• Activity that brings on chest pain. In men, angina tends to worsen with physical activity and go away with rest. Women are more likely than men to have angina while they are resting. In women who have coronary microvascular disease, angina often happens during routine daily activities, such as shopping or cooking, rather than during exercise. Microvascular angina events may last longer and be more painful than other types of angina.
  • Location and type of pain. Pain symptoms are different for each person. Women having angina or a heart attack often describe their chest pain as crushing, or they say it feels like pressure, squeezing, or tightness. Women may have pain in the chest or the neck and throat.
  • Mental stress. Mental stress is more likely to trigger angina pain in women than in men.
  • Other symptoms. Common signs and symptoms for women include nausea, vomiting, shortness of breath, abdominal pain, sleep problems, Fatigue, and lack of energy.

What do women need to know about diagnosis and treatment?

- Coronary Heart Disease - Women and Heart Disease

Tests and procedures for diagnosing coronary heart disease are very similar for women and men. But women may experience delays in diagnosis or treatment. Learn about important diagnostic tests and treatment options.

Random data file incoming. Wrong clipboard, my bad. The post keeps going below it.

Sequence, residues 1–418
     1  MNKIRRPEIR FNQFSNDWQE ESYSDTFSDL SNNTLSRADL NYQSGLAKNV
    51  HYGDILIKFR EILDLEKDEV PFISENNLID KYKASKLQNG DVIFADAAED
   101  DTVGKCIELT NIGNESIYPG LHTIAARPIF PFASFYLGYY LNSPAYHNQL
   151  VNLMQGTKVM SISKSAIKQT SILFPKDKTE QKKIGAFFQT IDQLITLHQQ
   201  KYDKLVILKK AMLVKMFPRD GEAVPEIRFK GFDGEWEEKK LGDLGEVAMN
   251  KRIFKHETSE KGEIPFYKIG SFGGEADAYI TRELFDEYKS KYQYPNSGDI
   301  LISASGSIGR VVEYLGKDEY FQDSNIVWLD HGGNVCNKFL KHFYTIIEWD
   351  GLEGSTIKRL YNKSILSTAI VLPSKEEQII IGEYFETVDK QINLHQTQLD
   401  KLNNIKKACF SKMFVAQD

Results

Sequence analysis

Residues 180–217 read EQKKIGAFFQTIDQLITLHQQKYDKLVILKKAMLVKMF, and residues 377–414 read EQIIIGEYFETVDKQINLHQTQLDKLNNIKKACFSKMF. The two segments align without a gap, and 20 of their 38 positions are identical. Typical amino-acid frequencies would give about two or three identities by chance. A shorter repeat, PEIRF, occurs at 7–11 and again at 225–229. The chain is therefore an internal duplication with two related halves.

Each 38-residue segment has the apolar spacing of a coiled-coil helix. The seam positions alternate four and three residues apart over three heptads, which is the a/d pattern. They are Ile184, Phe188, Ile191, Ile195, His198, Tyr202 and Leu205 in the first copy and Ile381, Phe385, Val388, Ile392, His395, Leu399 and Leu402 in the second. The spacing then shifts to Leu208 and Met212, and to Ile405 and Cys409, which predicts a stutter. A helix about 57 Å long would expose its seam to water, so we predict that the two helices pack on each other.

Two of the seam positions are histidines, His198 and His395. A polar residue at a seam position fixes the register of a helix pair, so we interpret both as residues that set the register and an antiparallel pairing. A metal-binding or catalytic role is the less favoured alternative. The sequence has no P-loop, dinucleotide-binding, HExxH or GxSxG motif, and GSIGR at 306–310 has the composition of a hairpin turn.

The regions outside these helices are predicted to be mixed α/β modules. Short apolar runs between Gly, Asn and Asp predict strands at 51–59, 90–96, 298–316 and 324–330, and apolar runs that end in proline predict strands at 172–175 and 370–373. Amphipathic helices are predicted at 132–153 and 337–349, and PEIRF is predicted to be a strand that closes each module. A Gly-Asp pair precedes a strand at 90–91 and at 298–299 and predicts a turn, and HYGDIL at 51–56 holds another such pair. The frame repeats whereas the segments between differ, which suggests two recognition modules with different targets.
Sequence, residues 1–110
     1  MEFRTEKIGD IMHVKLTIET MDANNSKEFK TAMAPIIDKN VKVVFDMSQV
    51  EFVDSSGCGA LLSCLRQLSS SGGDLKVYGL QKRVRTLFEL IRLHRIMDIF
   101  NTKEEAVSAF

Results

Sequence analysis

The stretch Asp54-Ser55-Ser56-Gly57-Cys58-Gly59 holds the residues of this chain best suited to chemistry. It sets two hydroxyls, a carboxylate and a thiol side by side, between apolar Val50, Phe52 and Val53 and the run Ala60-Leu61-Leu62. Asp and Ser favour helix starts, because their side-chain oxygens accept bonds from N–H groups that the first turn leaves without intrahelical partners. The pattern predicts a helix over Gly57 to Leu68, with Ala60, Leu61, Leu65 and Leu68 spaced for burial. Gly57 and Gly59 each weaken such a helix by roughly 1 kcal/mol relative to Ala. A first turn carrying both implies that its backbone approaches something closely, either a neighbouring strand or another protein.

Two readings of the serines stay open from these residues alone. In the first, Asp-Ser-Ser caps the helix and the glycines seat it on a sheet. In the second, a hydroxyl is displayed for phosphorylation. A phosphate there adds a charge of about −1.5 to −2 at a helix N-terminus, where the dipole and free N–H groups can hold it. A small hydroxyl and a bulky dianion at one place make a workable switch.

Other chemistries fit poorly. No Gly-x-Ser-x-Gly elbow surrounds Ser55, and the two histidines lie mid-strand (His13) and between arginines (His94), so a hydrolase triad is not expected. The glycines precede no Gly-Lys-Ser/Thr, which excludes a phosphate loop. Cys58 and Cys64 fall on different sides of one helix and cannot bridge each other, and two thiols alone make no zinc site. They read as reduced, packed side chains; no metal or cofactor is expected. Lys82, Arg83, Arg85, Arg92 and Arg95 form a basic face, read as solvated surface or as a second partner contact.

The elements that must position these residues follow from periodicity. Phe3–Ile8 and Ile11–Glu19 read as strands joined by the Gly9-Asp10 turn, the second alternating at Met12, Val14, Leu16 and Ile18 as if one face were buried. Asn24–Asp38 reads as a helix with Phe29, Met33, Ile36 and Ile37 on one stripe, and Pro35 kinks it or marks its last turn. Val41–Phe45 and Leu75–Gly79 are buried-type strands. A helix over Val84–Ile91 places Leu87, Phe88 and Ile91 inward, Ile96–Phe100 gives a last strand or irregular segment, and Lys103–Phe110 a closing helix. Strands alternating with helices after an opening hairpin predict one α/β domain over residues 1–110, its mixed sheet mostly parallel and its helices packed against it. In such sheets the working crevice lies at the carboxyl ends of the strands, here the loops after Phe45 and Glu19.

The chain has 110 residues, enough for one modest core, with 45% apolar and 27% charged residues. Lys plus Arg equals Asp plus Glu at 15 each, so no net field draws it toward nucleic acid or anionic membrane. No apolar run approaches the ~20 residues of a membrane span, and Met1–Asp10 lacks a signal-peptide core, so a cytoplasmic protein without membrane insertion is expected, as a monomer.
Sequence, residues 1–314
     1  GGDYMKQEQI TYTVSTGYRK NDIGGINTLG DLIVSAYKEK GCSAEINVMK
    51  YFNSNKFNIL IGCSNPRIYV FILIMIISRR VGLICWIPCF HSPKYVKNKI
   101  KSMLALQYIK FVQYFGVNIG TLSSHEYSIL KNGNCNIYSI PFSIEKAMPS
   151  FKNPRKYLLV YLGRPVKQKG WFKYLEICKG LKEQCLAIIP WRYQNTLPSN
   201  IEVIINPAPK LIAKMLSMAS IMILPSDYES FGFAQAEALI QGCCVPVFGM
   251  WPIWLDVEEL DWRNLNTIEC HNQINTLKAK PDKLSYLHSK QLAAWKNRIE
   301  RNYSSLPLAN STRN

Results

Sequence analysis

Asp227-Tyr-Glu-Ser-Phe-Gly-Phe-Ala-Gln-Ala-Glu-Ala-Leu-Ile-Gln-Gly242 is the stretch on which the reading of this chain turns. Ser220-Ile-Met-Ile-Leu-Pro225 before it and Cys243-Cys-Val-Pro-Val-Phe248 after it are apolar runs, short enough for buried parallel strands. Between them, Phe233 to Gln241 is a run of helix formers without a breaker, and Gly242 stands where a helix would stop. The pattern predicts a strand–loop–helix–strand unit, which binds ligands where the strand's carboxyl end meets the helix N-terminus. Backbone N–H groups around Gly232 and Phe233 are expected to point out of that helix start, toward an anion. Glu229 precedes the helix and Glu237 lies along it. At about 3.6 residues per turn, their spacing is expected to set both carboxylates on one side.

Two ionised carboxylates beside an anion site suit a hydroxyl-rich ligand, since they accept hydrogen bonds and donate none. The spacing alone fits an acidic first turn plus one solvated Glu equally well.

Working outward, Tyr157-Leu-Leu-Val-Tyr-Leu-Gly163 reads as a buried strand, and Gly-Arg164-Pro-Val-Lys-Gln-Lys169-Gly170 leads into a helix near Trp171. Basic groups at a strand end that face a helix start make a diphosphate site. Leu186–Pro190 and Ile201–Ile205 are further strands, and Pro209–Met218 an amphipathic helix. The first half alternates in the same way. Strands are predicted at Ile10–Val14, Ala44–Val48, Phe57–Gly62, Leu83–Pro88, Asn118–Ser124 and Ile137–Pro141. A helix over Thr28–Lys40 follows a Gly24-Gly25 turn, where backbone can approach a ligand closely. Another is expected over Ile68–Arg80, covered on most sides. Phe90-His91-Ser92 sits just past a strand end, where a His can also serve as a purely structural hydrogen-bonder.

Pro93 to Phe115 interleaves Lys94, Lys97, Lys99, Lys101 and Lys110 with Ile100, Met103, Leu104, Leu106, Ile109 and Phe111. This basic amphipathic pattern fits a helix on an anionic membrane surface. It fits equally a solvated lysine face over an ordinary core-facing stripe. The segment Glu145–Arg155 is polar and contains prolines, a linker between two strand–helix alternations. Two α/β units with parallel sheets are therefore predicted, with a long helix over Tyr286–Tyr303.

• Ask about important diagnostic tests. Doctors are less likely to refer women for diagnostic tests for coronary heart disease. When women go to the hospital for heart symptoms, they are more likely than men to experience delays receiving an initial EKG, are less likely to receive care from a heart specialist during hospitalization, and are less likely to receive certain types of therapy and medicines. Younger women are more likely than men to be misdiagnosed and sent home from the emergency department after cardiac events that occur from undiagnosed and untreated vascular heart disease.
  • Ask about treatment options that are effective for men and women. Women may be less likely than men to receive aspirin, statins, and beta blockers for treating their heart disease. Although women may be as likely as men to benefit from a pacemaker or a defibrillator, women are less likely to receive these treatments for complications of coronary heart disease. Women are often less likely to receive percutaneous coronary intervention or coronary artery bypass grafting than men are, even though research shows that both men and women can benefit from these procedures.
  • Know and share your risk factors. Doctors may not recognize women’s risk for coronary heart disease. Commonly used risk-scoring systems may not accurately predict risk in women. Also, in one survey, fewer than one in four women reported that their doctors had ever discussed their risk for heart disease.
  • Learn the symptoms and seek medical care right away. Being familiar with the symptoms of coronary heart disease and how they may differ in women may help you recognize when to talk to your doctor or when to seek medical care. Immediate care may help prevent complications such as heart attack or sudden cardiac arrest.

Source Agency: National Heart, Lung, and Blood Institute (NHLBI)